All OER released by The Open University are derived from these already quality assured materials and follow an integrity model whereby as few editorial changes as possible are made to the substance and structure of the content with most change being in how the material is delivered to the learner (e.g. text in print as an educational resource to be used by students, text on screen as an OER for OpenLearn; separate audiovisual files on DVD changed to embedded MP3 files online) and only require limited further academic or technical review before publishing. Once published users can rate or review the OER or comment in forums on the quality of the resource which can lead to changes.

3. How has your institution’s OER initiative been funded to-date? (If possible it would be useful to know approximately how much and over what period of time you institution has received funding from donor agencies/government/alumni/commercial organizations etc.)

Just considering our flagship OER initiative OpenLearn (see below for other projects) funding to date has been as follows:

£4.65 million for 2006-2008 from Foundations (the William and Flora Hewlett Foundation)

£3 million for 2009-2012 from a Government Agency (The Higher Education Funding Council for England)

About £3 million to date of internal investment (it is not always easy to account for all expenditure across 5 years of activity and this does try to account for all direct and indirect expenditure associated with just OpenLearn and not related OER activities e.g. iTunesU).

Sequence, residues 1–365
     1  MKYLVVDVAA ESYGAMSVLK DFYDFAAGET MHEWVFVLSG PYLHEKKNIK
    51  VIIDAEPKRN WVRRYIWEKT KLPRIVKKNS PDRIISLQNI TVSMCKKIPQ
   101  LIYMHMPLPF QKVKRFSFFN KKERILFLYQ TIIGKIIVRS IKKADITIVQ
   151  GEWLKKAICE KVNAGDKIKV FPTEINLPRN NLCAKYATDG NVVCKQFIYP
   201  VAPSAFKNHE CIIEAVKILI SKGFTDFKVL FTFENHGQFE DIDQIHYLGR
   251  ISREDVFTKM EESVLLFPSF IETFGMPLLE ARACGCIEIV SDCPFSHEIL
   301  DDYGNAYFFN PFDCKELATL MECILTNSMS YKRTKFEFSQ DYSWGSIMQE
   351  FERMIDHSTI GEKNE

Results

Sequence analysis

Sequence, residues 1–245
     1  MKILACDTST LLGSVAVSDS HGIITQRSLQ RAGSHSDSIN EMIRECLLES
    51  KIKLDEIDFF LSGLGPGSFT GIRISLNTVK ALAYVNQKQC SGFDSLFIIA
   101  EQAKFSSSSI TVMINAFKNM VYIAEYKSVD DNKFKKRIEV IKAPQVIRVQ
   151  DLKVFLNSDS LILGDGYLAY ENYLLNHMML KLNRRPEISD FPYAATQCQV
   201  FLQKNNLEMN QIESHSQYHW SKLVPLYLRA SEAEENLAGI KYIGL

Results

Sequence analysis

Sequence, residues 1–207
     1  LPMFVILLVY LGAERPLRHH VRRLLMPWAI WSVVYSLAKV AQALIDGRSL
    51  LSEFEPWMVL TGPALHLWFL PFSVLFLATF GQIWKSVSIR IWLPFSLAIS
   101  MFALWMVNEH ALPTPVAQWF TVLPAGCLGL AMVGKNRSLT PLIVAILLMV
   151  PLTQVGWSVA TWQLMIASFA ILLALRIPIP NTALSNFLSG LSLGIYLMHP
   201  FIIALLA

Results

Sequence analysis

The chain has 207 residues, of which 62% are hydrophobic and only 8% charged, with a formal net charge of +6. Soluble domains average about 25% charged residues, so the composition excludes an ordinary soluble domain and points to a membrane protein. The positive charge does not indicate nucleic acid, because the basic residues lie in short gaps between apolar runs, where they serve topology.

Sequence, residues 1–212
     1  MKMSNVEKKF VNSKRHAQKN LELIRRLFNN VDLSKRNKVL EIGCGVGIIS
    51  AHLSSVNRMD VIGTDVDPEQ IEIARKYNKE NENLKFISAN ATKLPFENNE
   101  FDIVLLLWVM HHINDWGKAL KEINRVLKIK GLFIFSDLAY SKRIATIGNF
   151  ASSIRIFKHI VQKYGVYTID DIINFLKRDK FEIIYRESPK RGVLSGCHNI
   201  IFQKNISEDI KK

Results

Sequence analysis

4. In the light of your experience has OER assisted in generating additional funding for your institution and if so can this be quantified?

Yes but mostly in terms of grant funding rather than revenue funding.

In terms of revenue we have tracked users of OpenLearn and some have gone direct from the site to register on a course online in the same session thus contributing through course fees. We calculate this to be in the order of 4,000 registration a year (but noting that we have over 200,000 registration each year) and of course OpenLearn may only be a partial factor in students choosing a course. Separate investigations indicate that a bit more than this figure positively quote OpenLearn as a reason for requesting a prospectus or making an enquiry to The Open University (these equally raise a related issue that OER can help lower some costs, particularly around promotion and marketing).

In terms of grant funding the figures above indicate that we have gained significant external grant funding from different sources against internal investments directly for OpenLearn related work. However this does not account for more than £5 million of grant funding in the last 3 years to more than 10 other R&D projects that we are involved with that relate to aspects of OER, such as TESSA (www.tessafrica.net), OLnet (www.olnet.org) , OPAL ( see http://www.icde.org/ICDE+to+play+key+role+in+Open+Educational+Quality+Initiative.9UFRzW5W.ip) and iCoper (http://www.icoper.org/). The funding for these many projects variously comes from Foundations, UK Government Agencies, European Agencies and alumni in roughly that order of importance).